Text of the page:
I’ve been thinking – as it fully sinks in that I have really left – about what I will not miss about AA.
This is the counter-list I am writing in my head, as I deprogramme, to counteract the part of me that worries that I’ll miss it, that I ‘need’ the fellowship. I am up against the bit of my brain that re-runs ‘meetings, the greatest hits’ at moments when I feel vulnerable and lonely (as does, I remind myself, every human being on the planet from time to time, it’s not a disease).
So here is where I am up to so far, in no particular order. I will not miss:
1) Cheap powdered coffee served in a mug that was merely rinsed under a luke warm tap the last time it was used. I am totting up all the £2 coins I’ve put in the pot over the years, that’s a lot of really great coffee. Heck, it’s a posh coffee grinder and Lavazza Espresso Machine!
2) Uncomfortable chairs in dreary church basements and drafty halls.
3) Listening, endlessly, to sober Dave recounting at length the ‘miracle’ that has been wrought in his life (40 mins of a 1.5 hour meeting is his record). His delivery is monotone, and as far as I can tell, this miracle amounts to running a market stall, hankering after his ex-wife, and going to AA meetings. Who I am to judge the wildness of people’s ‘life beyond you wildest dreams’, but seriously, he gives watching paint dry a run for its money.
4) Listening to, variously, petty squabbles about a) the difference between ‘recovering’ and ‘recovered’ b) how many times ‘must’ appears in the Big Book c) whether you can call yourself an ‘addict’ d) whether Al Anons are in fact sicker than their alcoholic spouses e) whether I was born this way and even if I was it’s downhill all the way f) how calling an arsehole an ‘arsehole’ is contravention of the tradition putting principles above personalities.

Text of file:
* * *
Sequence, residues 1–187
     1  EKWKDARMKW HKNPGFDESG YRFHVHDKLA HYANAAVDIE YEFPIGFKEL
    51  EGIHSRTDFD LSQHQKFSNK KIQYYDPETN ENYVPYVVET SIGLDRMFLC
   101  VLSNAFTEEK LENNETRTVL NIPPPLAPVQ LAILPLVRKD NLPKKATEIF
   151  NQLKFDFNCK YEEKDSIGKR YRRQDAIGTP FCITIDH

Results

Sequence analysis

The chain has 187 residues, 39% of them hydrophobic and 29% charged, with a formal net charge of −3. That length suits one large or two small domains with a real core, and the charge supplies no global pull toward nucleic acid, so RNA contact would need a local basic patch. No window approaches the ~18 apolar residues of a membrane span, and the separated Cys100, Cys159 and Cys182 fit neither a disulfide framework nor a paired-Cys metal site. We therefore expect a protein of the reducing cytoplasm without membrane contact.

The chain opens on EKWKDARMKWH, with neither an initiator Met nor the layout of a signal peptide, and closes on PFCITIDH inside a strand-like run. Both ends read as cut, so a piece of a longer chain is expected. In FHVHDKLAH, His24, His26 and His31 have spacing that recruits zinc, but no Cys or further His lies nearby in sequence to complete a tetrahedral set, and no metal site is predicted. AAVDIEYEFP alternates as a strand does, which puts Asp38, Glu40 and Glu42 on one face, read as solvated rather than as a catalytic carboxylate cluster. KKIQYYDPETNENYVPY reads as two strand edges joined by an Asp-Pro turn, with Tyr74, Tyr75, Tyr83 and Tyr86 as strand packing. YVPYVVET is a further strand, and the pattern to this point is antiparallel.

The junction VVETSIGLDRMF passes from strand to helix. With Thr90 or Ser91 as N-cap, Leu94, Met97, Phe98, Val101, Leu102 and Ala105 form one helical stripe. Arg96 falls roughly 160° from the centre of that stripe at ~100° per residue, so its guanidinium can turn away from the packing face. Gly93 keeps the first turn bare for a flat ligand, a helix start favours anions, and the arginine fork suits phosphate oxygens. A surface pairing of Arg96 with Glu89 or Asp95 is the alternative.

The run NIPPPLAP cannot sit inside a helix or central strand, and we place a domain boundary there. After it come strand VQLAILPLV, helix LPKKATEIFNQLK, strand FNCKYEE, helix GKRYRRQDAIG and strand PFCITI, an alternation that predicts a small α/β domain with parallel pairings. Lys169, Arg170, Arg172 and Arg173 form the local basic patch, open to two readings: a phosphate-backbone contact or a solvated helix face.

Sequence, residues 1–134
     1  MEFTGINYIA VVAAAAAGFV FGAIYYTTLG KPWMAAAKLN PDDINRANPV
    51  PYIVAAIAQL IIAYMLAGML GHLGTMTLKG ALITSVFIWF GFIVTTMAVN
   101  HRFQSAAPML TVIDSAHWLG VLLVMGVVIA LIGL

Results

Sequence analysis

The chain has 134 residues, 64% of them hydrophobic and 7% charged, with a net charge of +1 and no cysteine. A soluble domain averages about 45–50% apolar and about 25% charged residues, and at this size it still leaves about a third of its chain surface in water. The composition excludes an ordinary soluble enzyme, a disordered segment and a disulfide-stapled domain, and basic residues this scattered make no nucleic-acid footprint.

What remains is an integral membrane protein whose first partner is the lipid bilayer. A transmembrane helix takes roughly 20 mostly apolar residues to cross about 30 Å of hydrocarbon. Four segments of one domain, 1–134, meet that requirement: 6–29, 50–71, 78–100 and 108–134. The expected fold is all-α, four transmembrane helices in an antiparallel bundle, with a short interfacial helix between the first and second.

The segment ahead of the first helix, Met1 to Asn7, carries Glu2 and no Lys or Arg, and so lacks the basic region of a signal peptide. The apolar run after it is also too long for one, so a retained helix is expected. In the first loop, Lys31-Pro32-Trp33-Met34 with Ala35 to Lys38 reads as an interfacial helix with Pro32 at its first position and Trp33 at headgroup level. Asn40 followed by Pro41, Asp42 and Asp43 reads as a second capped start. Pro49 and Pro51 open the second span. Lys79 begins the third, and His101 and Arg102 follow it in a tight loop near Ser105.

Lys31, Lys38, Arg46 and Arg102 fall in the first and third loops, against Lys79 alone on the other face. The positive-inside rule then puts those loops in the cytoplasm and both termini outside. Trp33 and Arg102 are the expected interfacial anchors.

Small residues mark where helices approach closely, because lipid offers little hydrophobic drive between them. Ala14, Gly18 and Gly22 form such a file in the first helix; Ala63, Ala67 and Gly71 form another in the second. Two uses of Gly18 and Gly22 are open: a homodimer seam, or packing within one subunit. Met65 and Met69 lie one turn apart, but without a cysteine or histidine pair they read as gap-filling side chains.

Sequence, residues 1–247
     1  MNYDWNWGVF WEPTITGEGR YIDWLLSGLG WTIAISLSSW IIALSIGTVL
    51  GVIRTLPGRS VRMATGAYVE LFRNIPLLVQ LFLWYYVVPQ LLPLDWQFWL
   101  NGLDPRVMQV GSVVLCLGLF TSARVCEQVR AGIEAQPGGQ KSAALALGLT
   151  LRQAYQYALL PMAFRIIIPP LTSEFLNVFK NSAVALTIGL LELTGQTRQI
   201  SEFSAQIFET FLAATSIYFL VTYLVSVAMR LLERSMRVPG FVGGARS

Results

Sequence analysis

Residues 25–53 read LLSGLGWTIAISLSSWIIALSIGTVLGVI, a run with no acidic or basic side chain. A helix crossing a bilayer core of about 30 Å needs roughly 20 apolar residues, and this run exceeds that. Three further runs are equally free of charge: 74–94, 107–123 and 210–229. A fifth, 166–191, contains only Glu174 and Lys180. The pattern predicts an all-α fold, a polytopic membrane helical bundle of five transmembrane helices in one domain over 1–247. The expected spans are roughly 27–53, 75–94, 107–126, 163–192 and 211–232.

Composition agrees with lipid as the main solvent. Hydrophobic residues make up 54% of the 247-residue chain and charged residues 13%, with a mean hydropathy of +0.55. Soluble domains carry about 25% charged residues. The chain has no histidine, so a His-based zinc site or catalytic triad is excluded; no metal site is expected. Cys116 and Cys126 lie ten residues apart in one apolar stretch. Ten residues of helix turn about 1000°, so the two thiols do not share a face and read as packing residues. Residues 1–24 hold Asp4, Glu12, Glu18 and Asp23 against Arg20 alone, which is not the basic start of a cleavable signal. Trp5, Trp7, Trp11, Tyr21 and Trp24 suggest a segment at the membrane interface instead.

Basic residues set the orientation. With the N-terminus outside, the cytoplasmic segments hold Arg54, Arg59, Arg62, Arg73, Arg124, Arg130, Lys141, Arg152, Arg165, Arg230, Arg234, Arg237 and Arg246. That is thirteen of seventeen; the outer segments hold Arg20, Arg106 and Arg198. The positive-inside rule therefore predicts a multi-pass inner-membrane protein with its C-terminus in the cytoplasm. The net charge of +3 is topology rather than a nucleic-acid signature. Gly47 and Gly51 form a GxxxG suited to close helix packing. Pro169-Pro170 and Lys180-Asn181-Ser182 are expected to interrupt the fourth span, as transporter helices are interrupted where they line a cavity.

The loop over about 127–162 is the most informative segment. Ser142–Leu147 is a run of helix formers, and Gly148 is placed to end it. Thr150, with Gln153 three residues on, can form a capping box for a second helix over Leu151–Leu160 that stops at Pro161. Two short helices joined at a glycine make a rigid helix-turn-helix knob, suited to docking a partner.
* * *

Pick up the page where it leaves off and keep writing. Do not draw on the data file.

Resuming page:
5) Fending off unsolicited advice from people who believe the accumulation of days without ingesting an alcoholic beverage (particularly if the number of days they have is more than the number of days I have) qualifies them to interfere in my life.
6) Listening to people pretending not to be passive aggressive, and pretending not to cross-share, by making convoluted speeches with heavy emphasis on ‘in my experience’ whilst boring a hole into the offending member with unblinking eye contact. Speeches usually commence immediately after the misguided or inexperienced member has shared, and usually start with ‘In my experience, I had to stop feeling sorry for myself and shut up and listen’. This is met by approving nods from all the other people who have also not ingested an alcoholic beverage for a long time whist the errant member squirms and tries not to cry. If they do cry, they are on the ‘pity pot’.
7) Watching slippery Simon and Creepy Charlie hurdle chairs to get to the sobbing woman with a wad of Kleenex before the women can get there. And watching said people defend themselves by saying ‘she’s a grown woman’ when the inevitable happens. She’s ‘sick’, they are just ‘human’. Fuckers.
8) Trying to have an adult conversation with a group of people who at best, are highly dysfunctional, but more likely have a rampaging narcissistic personality disorder whilst trying to have a group conscience. Trickier than herding cats or nailing jelly to a wall is getting a bunch of alkies to actually agree about anything without windy speeches, and the mind bending chicanery of ‘Traditions Top Trumps’. It is indeed easier to get a camel through the eye of a needle than it is to get AAs to order some literature.